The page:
The CPS Effect: Discrimination Against Police, First Responders By Family Courts & Child Protective Services

Dion McNeil

The Daily Counter investigated discrimination against Former, Retired, and Current Law Enforcement Officers, First Responders, and Emergency Personnel. The same Post Traumatic Stress Disorder (PTSD) that can be used against US Military Veterans is often used against Law Enforcement Officers. Some of these brave men and women are subjected to stereotypes about traumatic experiences that cause PTSD. Current Law Enforcement, First Responders, and Emergency Personnel have to work long hours which means that there is less consideration given to those individuals for sole custody versus a spouse who doesn’t work as long on the daily.

What Is The CPS Effect?

The victims involved in this CPS-driven ring fit into certain categories.

They are as follow:

  1. Immigrants (Easy targets for child removal since some of these people are sometimes undocumented and/or do not speak English)
  2. The Poor (Since these cases often hit Family Courts lawyers are not appointed. This means that the poor are disproportionately affected by poor legal representation.)
  3. The Mentally-Ill (Self-Explanatory)
  4. Military Veterans/Police Officers/First-Responders (This fits into category #3 but this is a special case. Since PTSD diagnosis has been used in Family Court decisions it is more likely that the people who occupy or have occupied these professions will have their PTSD used against them.)
  5. The Peacefully Disobedient (If a person ever publicly criticizes a judge, CPS, a court or a politician linked to a judge or government agency that person runs the risk of retaliation via CPS or Family Courts.)

Law Enforcement, First Responders & Family Court, CPS Discrimination

Police Officers and First Responders can often have difficulties navigating U.S. Family Courts and Child Protective Services. First responder marriages end earlier than average marriage. There are a few obvious reasons for the short term marriages.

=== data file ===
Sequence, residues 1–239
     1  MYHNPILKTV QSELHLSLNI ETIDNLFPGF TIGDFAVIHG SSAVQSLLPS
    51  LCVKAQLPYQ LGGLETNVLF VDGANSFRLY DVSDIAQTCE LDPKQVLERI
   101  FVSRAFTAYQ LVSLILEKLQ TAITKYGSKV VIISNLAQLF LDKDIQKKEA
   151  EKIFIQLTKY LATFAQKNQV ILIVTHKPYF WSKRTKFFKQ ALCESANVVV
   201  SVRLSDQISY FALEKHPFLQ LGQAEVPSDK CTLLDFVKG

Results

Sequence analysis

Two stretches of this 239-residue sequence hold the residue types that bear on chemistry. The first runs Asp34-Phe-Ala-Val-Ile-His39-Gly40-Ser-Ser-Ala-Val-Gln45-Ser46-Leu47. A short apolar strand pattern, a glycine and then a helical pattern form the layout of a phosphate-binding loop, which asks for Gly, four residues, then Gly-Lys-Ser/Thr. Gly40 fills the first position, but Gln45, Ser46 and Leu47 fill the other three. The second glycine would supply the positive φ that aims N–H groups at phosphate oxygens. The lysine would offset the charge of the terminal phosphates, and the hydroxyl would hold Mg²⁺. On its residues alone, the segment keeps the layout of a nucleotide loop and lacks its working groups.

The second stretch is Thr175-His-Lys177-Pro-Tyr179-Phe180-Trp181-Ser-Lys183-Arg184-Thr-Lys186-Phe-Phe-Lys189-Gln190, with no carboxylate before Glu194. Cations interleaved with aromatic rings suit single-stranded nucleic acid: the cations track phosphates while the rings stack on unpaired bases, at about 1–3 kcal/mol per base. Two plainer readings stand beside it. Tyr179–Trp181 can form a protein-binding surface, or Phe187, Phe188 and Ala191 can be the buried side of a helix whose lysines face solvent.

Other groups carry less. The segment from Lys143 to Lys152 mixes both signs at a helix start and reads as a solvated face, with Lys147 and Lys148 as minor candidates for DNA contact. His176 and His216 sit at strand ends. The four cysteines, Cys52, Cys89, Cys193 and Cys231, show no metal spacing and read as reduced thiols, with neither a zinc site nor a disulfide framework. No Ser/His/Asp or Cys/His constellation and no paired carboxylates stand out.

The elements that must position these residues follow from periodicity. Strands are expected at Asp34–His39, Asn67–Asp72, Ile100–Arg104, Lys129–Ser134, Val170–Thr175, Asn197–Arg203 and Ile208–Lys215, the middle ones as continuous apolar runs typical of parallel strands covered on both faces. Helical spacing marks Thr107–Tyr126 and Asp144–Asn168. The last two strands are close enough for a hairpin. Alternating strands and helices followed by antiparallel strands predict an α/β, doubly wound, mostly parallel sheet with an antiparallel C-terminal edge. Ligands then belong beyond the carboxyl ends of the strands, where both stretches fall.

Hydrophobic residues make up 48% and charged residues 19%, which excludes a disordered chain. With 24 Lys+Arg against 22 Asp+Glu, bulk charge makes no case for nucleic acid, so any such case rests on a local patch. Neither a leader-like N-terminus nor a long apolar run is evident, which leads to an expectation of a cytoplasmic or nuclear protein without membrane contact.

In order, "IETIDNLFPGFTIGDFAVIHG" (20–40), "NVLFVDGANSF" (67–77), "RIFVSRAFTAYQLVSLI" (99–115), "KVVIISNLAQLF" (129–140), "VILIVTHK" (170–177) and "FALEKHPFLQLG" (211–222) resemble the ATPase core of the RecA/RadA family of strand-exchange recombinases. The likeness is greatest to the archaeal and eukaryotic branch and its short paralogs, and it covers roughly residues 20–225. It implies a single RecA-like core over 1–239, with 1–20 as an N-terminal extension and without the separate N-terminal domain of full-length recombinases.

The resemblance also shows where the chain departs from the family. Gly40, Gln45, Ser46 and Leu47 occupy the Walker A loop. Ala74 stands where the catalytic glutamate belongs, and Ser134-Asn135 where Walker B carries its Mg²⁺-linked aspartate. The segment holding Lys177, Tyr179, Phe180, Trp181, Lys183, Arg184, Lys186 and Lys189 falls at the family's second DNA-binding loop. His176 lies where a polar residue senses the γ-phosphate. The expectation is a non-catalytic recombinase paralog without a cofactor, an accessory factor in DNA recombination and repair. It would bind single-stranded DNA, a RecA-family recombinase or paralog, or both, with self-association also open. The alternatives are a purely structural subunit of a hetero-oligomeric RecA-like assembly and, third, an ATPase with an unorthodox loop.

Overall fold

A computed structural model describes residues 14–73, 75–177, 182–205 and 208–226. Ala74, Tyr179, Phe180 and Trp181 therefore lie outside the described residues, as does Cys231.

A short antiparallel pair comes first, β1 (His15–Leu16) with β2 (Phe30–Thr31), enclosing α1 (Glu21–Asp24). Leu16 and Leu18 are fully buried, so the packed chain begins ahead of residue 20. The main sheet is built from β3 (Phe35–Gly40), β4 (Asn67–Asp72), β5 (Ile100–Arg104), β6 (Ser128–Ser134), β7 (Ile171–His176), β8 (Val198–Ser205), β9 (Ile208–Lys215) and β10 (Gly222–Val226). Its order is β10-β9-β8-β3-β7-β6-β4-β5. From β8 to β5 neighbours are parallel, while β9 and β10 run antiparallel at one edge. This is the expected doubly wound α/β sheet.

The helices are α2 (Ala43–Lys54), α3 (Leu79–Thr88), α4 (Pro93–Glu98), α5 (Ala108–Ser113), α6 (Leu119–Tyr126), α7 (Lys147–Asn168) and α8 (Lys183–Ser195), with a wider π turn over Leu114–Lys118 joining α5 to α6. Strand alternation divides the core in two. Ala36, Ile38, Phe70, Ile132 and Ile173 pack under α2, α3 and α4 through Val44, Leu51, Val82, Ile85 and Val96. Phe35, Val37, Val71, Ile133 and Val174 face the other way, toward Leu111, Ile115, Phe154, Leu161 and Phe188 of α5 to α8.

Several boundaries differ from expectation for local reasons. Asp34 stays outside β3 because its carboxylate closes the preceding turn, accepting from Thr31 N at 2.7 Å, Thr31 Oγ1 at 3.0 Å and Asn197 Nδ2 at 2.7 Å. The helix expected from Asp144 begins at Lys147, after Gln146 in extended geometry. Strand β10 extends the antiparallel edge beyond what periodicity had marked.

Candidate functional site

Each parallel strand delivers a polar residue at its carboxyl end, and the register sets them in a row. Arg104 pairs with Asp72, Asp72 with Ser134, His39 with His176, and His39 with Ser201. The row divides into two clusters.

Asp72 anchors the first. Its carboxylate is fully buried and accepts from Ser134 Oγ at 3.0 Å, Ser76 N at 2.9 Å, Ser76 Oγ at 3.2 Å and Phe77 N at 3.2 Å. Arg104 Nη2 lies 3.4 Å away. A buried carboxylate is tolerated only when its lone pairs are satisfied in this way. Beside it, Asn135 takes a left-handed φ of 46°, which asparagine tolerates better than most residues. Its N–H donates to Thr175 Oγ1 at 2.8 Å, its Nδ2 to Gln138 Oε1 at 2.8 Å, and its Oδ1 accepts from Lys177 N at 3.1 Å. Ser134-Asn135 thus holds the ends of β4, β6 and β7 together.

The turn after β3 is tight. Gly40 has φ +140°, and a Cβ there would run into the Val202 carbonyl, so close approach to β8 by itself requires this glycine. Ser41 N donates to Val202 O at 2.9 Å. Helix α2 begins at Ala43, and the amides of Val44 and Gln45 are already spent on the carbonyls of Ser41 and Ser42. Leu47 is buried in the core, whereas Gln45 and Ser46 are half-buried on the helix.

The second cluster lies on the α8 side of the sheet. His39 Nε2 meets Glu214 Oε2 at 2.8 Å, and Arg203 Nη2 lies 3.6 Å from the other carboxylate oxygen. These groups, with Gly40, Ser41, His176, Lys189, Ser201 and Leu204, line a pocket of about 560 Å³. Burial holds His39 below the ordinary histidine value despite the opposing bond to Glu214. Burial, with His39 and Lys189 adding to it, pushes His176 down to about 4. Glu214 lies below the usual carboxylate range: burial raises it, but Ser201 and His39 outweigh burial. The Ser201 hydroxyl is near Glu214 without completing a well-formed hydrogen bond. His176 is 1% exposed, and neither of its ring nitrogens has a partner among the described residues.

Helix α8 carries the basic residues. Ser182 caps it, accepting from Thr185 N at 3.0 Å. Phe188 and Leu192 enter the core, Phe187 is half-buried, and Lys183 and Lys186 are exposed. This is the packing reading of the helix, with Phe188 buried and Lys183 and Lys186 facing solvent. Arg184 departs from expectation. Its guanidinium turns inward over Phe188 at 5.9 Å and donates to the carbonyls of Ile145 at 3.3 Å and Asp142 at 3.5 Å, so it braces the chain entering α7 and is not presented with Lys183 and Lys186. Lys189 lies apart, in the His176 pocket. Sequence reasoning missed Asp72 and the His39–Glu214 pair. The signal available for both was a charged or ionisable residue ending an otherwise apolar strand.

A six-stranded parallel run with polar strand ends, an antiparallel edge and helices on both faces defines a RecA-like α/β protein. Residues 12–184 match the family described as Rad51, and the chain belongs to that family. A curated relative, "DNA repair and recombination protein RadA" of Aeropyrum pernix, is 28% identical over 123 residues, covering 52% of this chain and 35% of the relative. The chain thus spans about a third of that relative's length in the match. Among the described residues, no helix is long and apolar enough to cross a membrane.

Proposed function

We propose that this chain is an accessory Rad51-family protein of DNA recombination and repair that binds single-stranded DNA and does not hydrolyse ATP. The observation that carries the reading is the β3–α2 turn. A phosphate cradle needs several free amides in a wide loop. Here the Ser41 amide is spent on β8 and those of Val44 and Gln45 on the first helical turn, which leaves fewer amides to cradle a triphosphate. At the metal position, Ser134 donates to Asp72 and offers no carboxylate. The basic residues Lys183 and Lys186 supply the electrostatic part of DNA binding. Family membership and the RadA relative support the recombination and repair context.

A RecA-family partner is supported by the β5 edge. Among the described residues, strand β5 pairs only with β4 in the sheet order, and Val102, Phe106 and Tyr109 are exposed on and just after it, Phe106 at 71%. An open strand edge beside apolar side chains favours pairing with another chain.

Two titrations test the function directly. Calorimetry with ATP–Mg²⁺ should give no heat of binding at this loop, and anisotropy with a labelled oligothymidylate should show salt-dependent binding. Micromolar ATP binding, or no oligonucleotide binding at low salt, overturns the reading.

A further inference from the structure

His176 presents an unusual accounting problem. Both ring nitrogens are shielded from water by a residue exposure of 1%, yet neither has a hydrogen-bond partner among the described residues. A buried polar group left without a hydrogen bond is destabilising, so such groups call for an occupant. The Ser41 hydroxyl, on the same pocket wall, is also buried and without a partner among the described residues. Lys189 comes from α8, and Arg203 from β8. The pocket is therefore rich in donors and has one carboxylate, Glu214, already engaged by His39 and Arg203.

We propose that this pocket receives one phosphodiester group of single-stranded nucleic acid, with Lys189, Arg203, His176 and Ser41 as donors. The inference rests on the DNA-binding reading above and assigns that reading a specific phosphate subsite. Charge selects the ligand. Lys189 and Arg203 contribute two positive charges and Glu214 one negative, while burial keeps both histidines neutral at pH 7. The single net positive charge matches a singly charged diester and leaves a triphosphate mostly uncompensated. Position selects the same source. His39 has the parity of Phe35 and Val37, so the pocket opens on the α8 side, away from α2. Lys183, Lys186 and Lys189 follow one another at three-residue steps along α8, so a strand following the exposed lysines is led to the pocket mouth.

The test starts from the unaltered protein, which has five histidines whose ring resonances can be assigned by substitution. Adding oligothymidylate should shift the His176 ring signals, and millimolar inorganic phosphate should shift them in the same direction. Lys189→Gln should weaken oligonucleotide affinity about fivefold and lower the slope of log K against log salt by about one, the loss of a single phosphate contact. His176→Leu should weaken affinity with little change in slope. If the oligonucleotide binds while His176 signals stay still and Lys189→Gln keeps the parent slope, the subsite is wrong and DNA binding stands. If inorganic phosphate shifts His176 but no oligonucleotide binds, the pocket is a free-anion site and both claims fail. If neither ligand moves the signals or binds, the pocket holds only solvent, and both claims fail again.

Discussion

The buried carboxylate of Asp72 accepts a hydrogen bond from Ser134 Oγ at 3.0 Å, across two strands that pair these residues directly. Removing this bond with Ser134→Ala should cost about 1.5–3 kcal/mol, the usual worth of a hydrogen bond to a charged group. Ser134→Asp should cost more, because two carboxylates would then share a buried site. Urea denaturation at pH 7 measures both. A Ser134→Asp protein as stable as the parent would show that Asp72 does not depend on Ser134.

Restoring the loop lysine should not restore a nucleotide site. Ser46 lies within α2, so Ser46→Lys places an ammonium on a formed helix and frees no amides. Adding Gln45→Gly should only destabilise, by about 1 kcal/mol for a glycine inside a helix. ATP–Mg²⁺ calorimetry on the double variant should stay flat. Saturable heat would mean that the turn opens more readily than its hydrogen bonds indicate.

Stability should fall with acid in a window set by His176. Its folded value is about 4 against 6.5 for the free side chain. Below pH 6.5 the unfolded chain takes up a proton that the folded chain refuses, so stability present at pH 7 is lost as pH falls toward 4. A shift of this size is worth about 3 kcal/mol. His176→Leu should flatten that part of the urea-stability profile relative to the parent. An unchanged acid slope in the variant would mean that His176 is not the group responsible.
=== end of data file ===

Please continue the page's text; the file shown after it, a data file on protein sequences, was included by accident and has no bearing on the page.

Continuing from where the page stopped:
Drafting a parenting plan for child custody disputes can prove to be difficult for a police officer/first responder due to unpredictable work schedules. Police officers as Family Court litigants are often discriminated against due to a PTSD diagnosis, negative societal views, and other factors. The work schedules of police/first responders can be used as a reason to limit visitation if there are any conflicts with the other litigant’s home or work schedule.

Litigants who hold/have held jobs in these professions can exhibit mental health concerns due to disturbing situations (first responders) and gun violence (law enforcement officers). As a result, there have been situations where exposure to these situations has been used against law enforcement officers and first responders in Family Court.


Mental Health

If a PTSD diagnosis can affect a custody decision involving a U.S. war veteran then that sort of Family Court treatment can affect a first responder the same way. Some people view police officers as agents of the State which is the same way those people see military veterans. Some of those people who feel that way about police officers and veterans could become a lawyer, judge or court official.

The CDC stated that law enforcement officers and first responders are at a greater risk than the general public (barring prior or current military service members) to develop conditions such as PTSD. The same PTSD that can affect a U.S. war veteran can also affect a police officer. Often, that PTSD is used against law enforcement and first responders.

Often, Family Courts violate The Americans with Disabilities Act of 1990 (ADA-Federal Law) to utilize PTSD diagnoses against litigants. The ADA has its own Federally Funded website where they discuss the practice of premature child separation based on mental disorders such as PTSD. Many times, this Family Court and Child Protective Services discrimination is based on stereotypes: